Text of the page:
Indian author Arundhati Roy is a vocal critic of Hindu-nationalism and recently re-elected prime minister Narendra Modi, who she says was re-elected after an "orgy of nationalism."
Roy who catapulted to fame with her debut novel The God of Small Things which won the 1997 Booker Prize, tells Kim Hill that Hindu nationalism is on the rise.
After a long and bitter campaign and six weeks of voting, in late-May Narendra Modi was re-elected as the Prime Minister of India as leader of the Bharatiya Janata Party (BJB). Modi was up against the resurgent main opposition Congress Party led by Rahul Gandhi, and powerful regional rivals across the country.
“You’re witnessing a situation where one party [BJP] has more than 20 times the wealth of any other party, it has corporate support and the corporations own the media, it has 24-hour media coverage, it has its own digital database fighting an election.”
She says the real power behind Modi is the Rashtriya Swayamsevak Sangh (RSS), a nationalist organisation that has long declared that India must be a Hindu nation.
“Now, we’re on our way towards becoming that, in which harm to minority communities is very much part of the process.”
There’s no doubt that the Bharatiya Janata Party party’s vote share is increasing, however, she says, there’s continuous propaganda.
“It’s a kind of information dystopia which results in something like this.”
There’s an atmosphere that opposition will not be tolerated, she says. Several critics of the Hindu far-right have been assassinated or jailed. Roy herself has been jailed.
And she’s worried about the threat to intellectual political thought and debate.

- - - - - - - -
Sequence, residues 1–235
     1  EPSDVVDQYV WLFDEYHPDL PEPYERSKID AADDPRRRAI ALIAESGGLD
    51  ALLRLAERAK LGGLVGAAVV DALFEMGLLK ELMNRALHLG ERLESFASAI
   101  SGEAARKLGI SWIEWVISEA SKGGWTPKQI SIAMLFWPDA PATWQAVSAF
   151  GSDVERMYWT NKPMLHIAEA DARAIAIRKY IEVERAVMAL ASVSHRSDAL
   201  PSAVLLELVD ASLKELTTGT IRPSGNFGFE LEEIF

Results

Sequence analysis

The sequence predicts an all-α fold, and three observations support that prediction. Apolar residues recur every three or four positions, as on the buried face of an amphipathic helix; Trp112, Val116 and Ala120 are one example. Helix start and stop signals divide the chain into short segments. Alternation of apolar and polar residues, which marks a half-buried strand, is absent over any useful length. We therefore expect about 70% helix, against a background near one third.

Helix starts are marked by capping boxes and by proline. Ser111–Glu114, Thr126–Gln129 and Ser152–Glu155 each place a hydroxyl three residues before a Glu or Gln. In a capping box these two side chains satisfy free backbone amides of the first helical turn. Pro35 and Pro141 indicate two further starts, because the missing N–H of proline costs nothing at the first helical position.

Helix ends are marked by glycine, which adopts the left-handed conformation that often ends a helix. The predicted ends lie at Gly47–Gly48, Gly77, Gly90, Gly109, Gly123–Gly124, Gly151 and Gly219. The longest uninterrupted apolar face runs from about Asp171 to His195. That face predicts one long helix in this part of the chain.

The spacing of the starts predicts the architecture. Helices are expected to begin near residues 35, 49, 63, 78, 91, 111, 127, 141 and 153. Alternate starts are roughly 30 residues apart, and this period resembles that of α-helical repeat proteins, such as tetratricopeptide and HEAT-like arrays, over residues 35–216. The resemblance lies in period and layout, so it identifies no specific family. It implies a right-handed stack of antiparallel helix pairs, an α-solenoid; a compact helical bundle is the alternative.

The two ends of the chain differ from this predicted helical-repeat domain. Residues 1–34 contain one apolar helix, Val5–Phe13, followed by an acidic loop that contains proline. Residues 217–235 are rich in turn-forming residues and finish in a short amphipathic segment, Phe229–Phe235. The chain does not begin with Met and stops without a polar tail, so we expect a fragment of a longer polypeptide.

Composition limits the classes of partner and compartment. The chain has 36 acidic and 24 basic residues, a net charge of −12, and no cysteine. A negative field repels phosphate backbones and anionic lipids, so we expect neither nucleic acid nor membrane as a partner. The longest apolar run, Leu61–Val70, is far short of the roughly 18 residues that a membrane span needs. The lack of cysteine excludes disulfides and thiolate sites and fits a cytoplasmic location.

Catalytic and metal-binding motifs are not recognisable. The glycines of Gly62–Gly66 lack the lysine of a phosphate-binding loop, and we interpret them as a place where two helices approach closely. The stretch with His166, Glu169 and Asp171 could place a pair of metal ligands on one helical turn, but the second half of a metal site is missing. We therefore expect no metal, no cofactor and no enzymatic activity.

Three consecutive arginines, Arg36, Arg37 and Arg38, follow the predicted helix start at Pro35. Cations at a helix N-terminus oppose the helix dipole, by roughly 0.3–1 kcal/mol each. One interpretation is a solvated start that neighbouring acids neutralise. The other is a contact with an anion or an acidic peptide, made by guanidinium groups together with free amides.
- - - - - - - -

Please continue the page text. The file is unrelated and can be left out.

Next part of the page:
“They’re openly talking about it, the general secretary of the BJB the day after the election… they’re just openly saying things like these people need to be wiped out of the intellectual landscape, they’re using these words.
“It’s not just a question of my safety, it’s a question of the survival of the idea of any form of opposition, political or intellectual or cultural, any form of diversity, there’s a kind of urge to homogeny now which has been given a great strength injection by his election, so people are very vulnerable.”
She says it’s the oldest game in the book. “All you have to do is say that you’re under attack and call the people who question you anti-patriotic.”
Arundhati Roy has published more than 18 books including Booker-longlisted second novel The Ministry of Utmost Happiness (2017) and major works of non-fiction such as Field Notes on Democracy: Listening to Grasshoppers, Capitalism: A Ghost Story, The End of Imagination and, now, My Seditious Heart, an upcoming single-volume collection of her political essay writing over 20 years.
She will be in New Zealand in July as part of a special event connected to this year's Auckland Writers Festival, details here. Roy is also a keynote speaker at the Association of Commonwealth Language and Literature Studies Conference, hosted by The University of Auckland 15-19 July.